If Eagle was still only flying "feed" to AA, the ASM cap would be fine. We are not anymore, we have become the low price airline within an airline. Who would you like to see survive? American or Eagle? Which pay scale would you rather work under?
 

DIAMONDDD

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My goodness, CaptRob!! That was well put. You can see the light, I believe.
 

publisher

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Nice

Nice but misses the original question....

The question is the business worth or value as an independant entity
 

CaptRob

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Original question...

publisher said:
Nice but misses the original question....

The question is the business worth or value as an independant entity
Answer: Virtually none without the code-share agreements and revenue plan with American Airlines. To make money, Eagle would have to charge more than SWA for the same route. One reason why Eagle dropped RDU-Nashville. Plus having to buy the ticket separate from your AA (or Delta, Continental, Hawaiian, Northwest, Alaska or Qantas in LAX) on-line e-ticket site. Imagine Eagle having to pay retail for the gate space at those major hubs. It ain't cheap operating in the big leagues.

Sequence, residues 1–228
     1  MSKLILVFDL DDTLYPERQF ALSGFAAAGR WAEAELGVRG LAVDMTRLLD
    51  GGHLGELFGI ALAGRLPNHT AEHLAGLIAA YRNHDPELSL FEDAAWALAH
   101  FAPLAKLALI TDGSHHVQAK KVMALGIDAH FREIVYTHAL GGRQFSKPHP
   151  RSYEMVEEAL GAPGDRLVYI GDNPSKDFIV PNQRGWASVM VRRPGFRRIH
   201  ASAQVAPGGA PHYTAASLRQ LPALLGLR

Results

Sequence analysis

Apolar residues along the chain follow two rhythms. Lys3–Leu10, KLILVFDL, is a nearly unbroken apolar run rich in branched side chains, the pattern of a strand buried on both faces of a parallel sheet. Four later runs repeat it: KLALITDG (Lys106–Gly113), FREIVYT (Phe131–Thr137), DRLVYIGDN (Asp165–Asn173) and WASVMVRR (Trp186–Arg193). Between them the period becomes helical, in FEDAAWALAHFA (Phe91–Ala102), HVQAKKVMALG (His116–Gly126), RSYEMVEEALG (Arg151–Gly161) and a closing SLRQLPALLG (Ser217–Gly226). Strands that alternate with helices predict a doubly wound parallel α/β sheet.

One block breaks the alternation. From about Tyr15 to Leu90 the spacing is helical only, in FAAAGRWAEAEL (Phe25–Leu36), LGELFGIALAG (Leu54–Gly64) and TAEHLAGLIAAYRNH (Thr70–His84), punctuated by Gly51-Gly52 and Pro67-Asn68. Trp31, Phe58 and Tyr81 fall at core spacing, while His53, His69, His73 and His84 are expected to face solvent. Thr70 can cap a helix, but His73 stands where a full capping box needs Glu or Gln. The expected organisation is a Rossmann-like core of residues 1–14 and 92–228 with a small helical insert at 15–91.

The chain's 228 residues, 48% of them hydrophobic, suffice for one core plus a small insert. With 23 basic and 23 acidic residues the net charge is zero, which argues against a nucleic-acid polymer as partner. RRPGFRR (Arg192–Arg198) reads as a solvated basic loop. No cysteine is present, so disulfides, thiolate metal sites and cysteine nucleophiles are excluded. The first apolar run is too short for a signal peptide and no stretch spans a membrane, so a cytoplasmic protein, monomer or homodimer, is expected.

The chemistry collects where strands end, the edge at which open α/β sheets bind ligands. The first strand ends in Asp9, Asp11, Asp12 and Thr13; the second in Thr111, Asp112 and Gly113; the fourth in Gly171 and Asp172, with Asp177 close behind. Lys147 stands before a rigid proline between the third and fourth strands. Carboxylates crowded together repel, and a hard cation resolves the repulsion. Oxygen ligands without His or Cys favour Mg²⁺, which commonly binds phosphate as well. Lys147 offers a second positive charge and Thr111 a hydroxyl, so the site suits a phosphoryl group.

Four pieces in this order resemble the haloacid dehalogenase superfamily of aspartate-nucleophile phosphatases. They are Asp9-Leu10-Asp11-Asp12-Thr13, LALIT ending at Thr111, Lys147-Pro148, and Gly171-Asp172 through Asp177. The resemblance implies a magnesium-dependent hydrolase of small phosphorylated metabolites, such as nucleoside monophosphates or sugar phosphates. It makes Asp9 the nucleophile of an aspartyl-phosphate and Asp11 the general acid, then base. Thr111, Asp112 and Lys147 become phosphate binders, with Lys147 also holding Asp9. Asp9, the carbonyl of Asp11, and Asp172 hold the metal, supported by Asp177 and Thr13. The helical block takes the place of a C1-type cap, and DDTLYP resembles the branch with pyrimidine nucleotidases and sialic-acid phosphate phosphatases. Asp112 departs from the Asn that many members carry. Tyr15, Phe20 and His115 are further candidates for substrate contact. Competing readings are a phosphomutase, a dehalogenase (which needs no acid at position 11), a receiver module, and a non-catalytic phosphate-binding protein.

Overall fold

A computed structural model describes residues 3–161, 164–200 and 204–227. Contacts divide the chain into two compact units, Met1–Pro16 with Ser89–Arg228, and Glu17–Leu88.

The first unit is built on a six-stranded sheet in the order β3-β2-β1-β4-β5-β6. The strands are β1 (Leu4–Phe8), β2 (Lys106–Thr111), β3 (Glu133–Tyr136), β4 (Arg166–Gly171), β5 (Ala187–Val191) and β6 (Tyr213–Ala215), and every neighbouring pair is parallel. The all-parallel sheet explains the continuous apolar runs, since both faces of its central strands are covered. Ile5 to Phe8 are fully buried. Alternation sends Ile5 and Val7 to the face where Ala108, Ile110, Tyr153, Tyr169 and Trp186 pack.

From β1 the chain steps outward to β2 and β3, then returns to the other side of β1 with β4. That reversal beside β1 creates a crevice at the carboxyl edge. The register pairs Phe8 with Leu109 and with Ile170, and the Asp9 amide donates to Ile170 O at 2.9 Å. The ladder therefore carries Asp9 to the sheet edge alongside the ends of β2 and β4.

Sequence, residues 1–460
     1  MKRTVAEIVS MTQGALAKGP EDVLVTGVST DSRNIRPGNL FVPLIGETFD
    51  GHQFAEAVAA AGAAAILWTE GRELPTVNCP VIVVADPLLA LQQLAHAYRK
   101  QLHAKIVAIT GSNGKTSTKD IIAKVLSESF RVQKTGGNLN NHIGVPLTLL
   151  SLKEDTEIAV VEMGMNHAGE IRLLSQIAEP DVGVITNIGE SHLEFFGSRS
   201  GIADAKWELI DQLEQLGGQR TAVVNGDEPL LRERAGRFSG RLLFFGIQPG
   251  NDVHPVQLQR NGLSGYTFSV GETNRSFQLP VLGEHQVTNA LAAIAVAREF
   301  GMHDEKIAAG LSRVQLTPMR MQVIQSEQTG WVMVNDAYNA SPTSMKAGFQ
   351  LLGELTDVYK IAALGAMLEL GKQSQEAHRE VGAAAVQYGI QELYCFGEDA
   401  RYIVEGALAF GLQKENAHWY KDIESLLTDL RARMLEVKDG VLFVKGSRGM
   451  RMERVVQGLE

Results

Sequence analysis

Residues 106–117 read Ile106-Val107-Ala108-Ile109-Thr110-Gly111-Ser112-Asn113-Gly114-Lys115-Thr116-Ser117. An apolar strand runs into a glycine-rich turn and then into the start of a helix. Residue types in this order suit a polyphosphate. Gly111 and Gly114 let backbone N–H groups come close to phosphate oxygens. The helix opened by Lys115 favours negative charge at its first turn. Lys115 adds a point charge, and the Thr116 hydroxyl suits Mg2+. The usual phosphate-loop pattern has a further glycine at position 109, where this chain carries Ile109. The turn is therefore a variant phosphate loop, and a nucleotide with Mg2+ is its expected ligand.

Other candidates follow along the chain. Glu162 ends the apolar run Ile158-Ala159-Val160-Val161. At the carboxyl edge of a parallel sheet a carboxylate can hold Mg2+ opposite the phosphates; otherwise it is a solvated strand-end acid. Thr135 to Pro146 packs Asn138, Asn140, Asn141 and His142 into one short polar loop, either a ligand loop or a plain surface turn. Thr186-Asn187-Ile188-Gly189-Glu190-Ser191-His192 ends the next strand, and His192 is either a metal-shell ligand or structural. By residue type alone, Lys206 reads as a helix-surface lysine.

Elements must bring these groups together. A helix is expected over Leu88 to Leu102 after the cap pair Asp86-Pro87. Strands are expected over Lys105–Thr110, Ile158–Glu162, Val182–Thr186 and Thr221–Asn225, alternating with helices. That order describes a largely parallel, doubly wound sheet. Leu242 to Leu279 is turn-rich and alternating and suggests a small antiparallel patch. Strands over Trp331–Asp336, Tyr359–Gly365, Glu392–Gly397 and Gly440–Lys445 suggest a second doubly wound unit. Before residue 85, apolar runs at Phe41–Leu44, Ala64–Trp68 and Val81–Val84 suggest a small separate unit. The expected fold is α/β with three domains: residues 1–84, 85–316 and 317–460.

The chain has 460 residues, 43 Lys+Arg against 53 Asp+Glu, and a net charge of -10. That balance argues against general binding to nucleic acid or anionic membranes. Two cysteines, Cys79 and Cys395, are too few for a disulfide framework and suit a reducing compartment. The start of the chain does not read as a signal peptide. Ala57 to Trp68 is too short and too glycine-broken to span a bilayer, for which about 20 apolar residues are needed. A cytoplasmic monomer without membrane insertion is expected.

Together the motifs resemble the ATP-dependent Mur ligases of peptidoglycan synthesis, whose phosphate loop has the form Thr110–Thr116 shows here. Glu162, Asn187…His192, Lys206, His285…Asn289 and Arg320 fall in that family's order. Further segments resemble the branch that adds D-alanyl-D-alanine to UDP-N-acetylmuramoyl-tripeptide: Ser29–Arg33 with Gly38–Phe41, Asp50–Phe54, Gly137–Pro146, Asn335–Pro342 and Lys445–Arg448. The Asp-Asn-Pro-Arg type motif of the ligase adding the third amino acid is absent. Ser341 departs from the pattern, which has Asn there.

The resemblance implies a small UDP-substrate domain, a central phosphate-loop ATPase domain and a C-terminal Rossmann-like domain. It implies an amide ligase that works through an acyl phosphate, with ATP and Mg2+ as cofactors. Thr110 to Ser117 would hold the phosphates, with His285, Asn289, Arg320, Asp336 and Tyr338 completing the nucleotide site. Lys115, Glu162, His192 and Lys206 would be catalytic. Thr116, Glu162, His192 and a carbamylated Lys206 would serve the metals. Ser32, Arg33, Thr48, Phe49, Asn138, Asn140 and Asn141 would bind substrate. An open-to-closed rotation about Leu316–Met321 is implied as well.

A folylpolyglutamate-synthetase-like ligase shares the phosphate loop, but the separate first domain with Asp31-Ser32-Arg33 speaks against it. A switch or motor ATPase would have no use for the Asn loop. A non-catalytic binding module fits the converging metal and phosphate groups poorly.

rjcap

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Let me guess, isn't this the same analyst who endorsed Enron as a good buy ?? Analyst are a dime a dozen.

I don't know about AA or Continenetal, but Delta will not be selling ASA or Comair. Once the ASA contract is in place both ASA and Comair will grow at an unprecedented rate.

What about scope ??

Its dead dead dead dead .
 

publisher

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q

Let me see if I can give an example that makes the correct correlation.

An airline that has contracts with American and is not restricted from flying for others is worth considerably more than one which is

A closed ended airline restricted from growth depending on what is going on at American and has contract provisions that can send people from American to it at will.

In the first, the value is marketable to others, in the second only as a valued part of American.

We will get some idea fron the sale to the public of COEX and JetBlue
 

ifly4food

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skydiverdriver said:
I think Delta learned a lot from the strike, but not the fact that they shouldnt' own their most profitable division, but that they should treat them better, for everyone's benefit.